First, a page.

Finding an alternative to Microsoft Word

I’ve always had mixed feelings about Microsoft Word. I like it for making small posters and colorful banners. For a long time I used it as a full time text processor. All my articles for school, newspapers, a bunch of semi-finished stories and articles were all in Microsoft Word. And I was decently happy. Some things bugged me. Like how I never really used most of the features available and how I often wished there was a magic way to autogenerate tables of contents, or pull multiple files together (I never quite figured out how I should go about writing a book in Word).

And then I entered the world of UNIX and plain text. Wow, was that a revelation! There was actually such a thing as plain text, for which you used dead simple editors. No bold or italic or underlines. No bullets or margins or fancy fonts. Just pure text. It was powerfully simple. Then there was OpenOffice,  the brave underdog that sought to break the Microsoft monopoly by using their own weapon against them: the .doc format. I learned about Microsoft’s monopoly and vendor lockin and dreamed of freedom. So the question was: what do I do with all my accumulated .docs? I wasn’t quite ready to turn them to plain text, I’ve always had a soft spot in my heart for beautiful displays and I like having nice fonts. I thought about converting all my .docs to .odt — the Open Document Document format and I actually did convert a lot of them. But I didn’t go all the way. There was just no really compelling reason to.

A few years passed during which I really didn’t use Word all that much. I was taking science-heavy courses in school, which meant I really didn’t do much writing. Last year I came to college and I began writing papers in earnest, at least for the first semester. I used OpenOffice on my own computers and Microsoft Office on the college’s lovely Macs. It was then that I started looking at my gripes with Word again. It wasn’t that Word wasn’t a good program. But having to maintain contents by hand and wondering about compatibility issues between different programs and operating systems was simply not something I wanted to deal with.

The solution came thanks to Apple. The Portable Document Format is the native file format for much of OS X and PDFs really look great on Macs. Added to that was the fact was that PDFs looked basically the same on all platforms. OS X also allows you to print directly to a PDF. I’ve recently started handing in papers as PDFs. But the problem was, I was still using Word to actually write my documents and then just printing them to PDF. And PDFs couldn’t easily be edited. So I was still looking for alternatives.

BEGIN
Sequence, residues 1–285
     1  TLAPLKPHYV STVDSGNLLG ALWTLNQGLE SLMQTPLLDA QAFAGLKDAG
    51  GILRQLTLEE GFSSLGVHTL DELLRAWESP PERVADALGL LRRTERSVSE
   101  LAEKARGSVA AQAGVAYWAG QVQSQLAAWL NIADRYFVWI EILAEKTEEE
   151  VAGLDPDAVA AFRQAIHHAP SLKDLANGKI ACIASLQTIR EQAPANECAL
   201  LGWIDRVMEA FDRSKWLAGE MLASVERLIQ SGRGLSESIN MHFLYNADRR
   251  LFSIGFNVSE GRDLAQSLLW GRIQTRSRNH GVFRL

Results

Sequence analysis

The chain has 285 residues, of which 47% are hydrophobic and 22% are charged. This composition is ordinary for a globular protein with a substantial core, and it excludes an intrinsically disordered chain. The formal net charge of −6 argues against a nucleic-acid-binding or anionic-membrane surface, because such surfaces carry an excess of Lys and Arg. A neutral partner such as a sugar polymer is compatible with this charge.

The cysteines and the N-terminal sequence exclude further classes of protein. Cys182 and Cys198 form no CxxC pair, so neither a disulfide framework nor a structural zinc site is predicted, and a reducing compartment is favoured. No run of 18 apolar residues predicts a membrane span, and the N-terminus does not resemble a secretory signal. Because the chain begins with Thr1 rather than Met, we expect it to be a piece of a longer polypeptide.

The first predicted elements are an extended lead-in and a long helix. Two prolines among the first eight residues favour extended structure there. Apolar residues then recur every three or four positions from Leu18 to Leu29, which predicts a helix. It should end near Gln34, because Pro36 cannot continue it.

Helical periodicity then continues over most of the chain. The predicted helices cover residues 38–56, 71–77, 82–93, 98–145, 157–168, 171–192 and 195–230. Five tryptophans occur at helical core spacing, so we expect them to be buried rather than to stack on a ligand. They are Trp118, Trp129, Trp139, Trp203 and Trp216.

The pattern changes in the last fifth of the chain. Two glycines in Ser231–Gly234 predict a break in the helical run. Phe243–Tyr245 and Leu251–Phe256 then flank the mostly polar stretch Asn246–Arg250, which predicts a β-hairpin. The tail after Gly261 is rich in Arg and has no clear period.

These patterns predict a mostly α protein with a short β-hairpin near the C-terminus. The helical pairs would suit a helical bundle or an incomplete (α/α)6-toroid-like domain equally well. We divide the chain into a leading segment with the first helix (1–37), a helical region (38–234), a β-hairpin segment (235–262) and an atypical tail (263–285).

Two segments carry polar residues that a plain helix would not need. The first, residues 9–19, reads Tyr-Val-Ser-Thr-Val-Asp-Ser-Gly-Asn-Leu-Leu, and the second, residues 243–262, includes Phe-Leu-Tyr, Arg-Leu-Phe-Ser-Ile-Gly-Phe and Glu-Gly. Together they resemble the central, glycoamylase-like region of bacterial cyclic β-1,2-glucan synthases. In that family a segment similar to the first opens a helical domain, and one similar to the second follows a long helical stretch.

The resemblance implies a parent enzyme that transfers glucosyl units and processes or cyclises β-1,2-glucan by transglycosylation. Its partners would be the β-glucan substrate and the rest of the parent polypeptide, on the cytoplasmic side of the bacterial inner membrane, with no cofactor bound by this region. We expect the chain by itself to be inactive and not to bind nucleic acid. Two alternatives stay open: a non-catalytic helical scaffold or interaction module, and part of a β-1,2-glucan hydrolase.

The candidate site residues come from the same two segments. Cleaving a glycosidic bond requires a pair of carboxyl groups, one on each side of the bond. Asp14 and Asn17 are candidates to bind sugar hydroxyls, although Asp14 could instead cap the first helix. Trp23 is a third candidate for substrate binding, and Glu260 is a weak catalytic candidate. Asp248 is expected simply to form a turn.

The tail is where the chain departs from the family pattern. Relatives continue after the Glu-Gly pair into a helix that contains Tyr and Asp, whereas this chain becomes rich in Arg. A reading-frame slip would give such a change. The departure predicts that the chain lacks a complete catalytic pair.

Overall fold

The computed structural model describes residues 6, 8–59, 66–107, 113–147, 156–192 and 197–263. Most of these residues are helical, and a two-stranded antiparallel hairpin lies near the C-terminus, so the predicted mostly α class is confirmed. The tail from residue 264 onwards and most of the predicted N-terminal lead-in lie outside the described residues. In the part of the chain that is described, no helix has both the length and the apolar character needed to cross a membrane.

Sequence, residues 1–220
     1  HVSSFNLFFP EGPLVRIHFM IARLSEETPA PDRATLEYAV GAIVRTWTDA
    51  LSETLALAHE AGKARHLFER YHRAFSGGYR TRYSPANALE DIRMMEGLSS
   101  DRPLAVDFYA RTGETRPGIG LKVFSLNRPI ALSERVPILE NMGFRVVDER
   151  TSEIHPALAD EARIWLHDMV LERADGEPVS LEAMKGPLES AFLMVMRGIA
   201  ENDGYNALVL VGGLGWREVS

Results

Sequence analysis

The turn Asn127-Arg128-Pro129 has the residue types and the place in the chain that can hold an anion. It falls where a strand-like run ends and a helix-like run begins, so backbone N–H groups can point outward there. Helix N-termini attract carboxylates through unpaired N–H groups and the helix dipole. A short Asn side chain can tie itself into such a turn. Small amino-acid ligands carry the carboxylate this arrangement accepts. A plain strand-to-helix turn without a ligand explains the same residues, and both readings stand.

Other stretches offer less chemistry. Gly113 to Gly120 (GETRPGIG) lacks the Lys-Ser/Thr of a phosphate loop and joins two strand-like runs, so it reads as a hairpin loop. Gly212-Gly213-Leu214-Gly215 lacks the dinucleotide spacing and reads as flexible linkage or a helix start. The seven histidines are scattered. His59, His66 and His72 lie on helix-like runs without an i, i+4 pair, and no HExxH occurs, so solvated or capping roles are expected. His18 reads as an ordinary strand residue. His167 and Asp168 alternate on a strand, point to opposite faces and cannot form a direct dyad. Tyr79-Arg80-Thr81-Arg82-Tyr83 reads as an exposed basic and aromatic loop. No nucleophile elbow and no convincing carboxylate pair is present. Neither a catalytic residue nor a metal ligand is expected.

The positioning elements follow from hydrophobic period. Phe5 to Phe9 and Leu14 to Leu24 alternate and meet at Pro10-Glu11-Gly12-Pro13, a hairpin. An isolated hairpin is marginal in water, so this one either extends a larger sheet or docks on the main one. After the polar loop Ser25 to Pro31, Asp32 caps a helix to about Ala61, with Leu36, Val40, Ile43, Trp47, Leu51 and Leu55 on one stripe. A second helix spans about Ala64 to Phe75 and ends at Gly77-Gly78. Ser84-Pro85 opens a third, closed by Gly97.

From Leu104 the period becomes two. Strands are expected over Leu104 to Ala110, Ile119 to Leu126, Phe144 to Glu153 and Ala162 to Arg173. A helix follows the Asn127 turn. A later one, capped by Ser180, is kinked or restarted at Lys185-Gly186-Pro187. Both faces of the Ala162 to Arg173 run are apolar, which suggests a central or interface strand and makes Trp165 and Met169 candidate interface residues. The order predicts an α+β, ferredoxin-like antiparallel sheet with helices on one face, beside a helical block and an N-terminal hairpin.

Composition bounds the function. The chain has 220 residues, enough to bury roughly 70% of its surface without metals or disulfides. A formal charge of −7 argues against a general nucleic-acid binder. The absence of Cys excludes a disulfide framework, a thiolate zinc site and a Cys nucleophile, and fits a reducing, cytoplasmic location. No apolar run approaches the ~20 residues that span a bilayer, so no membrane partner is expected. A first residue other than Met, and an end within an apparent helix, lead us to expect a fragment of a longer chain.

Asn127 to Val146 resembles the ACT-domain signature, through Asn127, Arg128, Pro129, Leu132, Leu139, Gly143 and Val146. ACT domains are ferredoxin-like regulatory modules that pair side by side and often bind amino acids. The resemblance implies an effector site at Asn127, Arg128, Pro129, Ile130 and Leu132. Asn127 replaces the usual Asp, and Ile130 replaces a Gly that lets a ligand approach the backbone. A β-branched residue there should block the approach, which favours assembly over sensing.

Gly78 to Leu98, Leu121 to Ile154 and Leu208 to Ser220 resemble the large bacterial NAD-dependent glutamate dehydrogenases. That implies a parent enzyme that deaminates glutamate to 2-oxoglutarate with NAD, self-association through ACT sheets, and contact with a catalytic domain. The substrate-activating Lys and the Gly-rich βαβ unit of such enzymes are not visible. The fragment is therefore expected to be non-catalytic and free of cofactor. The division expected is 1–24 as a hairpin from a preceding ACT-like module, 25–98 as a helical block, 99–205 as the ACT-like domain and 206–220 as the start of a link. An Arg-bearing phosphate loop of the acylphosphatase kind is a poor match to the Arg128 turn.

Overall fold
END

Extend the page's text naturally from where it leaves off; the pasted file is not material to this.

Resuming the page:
Once again it was plain text that came to the rescue. I’m currently learning to use Latex for all my documents. Latex is not a word processing system like Word, it’s a typesetting system. You write a document as your text and a number of commands to the Latex system. These commands control things like the font, spacing, inserting diagrams and also more complex things like automatically generating headers, bibliographies and tables. It allows you to offload worrying about how things look and are placed on the page to the Latex program and you can concentrate on just writing. Latex is based on a very robust program called Tex, created by one of the greatest computer scientists of our times, Don Knuth. It has been used by decades by mathematicians and other scientists to write papers with all sorts of complicated diagrams and tables.

The wonderful Mactex package lets you write your Latex document and then typeset it directly to a PDF, just the thing I was looking for. I’m just starting to use Mactex for full time writing. I am having a few problems because it is much harder to create a style for Latex than it is to actually use Latex itself, and the included document styles aren’t always quite what you’re looking for. However I hope to be in a position to use Latex for most of my work in a month or so. If you’d like to learn more about Latex, the official documentation page is probably the best place to start. I’ll continue to keep writing about my experience using Latex as a day to day replacement for word. If any of you have successfully dropped Word for something else, please let me know.

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Published by

Shrutarshi Basu

Programmer, writer and engineer, currently working out of Cornell University in Ithaca, New York.

2 thoughts on “Finding an alternative to Microsoft Word”

  1. You are absolutely right. LaTeX is the best for writing. I had move to LaTeX too. For simple text files, I use simple text editor like notepad on Windows or vim on *nix.

  2. Kinda ironic that the autogenerated related post links are
    to MS Word tips 🙂

    LaTeX is unbeatable for Maths/Physics, but for the nonmathematical
    reports that I write, I use Openoffice and save in .odt format.
    Also it is hard to use fonts which I like in LaTeX.

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